Measuring economic growth

Economic growth

Economic growth refers to increases in the total output of goods and services produced in an economy over a given period – usually one year but there are also quarterly and monthly estimates.

GDP

The metric commonly used to measure the quantity of goods and services is a country’s real Gross Domestic Product (GDP).

The idea of measuring ‘national income’ can be traced back to 17th Century English economists Sir William Petty (1623-1687)[i], who attempted the first assessment of national income, and to Charles Davenant (1656–1714)[ii], who suggested that England’s trade should be measured and recorded as on ongoing process. However, it was US economist, Simon Kuznets who developed the first ‘modern’ definition of GDP in a report to the US Congress in 1934 [iii].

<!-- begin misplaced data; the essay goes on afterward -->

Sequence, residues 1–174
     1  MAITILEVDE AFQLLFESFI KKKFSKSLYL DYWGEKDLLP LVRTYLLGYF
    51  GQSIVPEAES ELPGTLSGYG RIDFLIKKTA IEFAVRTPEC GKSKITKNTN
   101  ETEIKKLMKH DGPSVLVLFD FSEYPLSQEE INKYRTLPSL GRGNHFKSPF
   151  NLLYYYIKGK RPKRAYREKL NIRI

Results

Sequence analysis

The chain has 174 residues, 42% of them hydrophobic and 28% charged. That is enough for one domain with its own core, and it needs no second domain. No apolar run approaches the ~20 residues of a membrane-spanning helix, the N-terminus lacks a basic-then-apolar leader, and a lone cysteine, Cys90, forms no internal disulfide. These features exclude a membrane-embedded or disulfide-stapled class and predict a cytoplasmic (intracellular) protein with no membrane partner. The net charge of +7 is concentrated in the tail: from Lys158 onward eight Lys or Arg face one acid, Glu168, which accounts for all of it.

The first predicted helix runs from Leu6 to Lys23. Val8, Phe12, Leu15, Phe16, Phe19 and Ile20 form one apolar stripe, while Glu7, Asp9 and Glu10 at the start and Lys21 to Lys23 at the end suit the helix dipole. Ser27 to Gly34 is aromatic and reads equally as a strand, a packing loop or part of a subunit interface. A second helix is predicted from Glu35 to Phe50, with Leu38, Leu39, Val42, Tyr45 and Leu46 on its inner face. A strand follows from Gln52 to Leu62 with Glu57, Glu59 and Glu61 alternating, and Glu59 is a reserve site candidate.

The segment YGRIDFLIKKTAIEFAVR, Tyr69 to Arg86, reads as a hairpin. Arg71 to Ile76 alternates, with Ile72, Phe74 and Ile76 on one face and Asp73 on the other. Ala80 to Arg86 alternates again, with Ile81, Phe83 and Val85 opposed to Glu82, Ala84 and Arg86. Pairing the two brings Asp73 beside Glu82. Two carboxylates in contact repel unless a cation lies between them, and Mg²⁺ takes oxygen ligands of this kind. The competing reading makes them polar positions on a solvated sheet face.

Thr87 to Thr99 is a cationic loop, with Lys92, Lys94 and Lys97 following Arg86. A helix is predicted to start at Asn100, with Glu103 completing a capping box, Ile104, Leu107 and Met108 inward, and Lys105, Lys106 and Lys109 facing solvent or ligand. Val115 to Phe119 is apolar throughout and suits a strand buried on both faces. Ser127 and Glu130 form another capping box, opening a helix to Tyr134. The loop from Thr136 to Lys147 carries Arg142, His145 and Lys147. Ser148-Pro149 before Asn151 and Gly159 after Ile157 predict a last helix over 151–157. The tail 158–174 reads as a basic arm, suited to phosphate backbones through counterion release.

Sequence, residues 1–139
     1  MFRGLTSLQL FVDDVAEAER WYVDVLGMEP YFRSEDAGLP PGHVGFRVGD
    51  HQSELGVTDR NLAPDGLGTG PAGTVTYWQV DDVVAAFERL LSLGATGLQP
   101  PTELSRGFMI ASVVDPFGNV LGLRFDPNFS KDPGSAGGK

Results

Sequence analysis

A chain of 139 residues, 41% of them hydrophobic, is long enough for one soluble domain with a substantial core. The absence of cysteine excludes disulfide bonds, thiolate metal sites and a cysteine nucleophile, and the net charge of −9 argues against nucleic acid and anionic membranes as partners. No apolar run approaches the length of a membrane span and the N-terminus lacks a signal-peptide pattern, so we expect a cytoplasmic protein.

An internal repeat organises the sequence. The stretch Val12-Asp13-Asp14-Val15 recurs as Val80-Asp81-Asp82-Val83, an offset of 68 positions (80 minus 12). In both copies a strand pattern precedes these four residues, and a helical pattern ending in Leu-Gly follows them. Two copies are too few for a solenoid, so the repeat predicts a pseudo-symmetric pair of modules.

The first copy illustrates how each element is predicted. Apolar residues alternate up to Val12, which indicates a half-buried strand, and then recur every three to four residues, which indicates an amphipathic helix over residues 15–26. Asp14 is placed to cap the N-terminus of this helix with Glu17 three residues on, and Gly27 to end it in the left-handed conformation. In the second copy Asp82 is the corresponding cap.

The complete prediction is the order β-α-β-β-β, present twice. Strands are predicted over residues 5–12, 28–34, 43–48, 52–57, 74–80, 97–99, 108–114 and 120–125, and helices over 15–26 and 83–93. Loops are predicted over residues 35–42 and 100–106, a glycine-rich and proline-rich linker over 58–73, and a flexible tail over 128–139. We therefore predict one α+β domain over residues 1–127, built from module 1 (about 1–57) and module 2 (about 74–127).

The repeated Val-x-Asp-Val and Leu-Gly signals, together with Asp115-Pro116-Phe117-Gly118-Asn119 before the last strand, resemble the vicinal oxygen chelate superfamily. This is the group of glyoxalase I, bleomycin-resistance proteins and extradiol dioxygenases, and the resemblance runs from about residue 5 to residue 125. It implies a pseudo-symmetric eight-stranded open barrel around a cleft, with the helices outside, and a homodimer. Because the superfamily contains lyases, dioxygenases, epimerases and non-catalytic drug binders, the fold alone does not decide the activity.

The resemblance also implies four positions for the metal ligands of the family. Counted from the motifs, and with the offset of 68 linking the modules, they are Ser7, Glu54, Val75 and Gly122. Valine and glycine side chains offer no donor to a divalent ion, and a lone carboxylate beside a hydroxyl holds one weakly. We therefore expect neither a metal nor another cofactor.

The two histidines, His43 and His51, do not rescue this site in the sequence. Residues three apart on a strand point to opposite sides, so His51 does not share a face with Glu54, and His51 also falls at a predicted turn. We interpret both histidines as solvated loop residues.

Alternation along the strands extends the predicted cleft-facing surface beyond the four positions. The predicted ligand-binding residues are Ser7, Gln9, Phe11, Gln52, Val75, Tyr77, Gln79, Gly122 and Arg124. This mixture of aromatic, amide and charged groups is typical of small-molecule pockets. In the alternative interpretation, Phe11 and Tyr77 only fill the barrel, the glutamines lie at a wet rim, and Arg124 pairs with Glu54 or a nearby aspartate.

GDP measures the market value of ‘final’ goods and services produced within a country, where gross means that any depreciation or capital consumption resulting from domestic (national) production is not considered – in other words gross figures are unadjusted for depreciation.

Nominal and real economic growth

The ‘nominal’ value of GDP is the sum of all goods and services produced within a country in terms of the monetary value of output.

This contrasts with ‘real’ GDP, which tracks the quantity (or volume) of output.

Volume, price and value

The value of GDP (or any other monetary aggregate) is found by multiplying the volume of output by the market price of that output. This is a straightforward concept in micro-economics - the value of a firm's output is its sales volume times its selling price. For a whole economy, national income accounting uses the same principles, but at a much larger scale. Taking a simple example, if a hypothetical economy produces 10m apples in a year, which sell at $1 each (assuming no tax), the value of nominal GDP is $10m. The volume is 10m, the price is $1, and the value is $10m.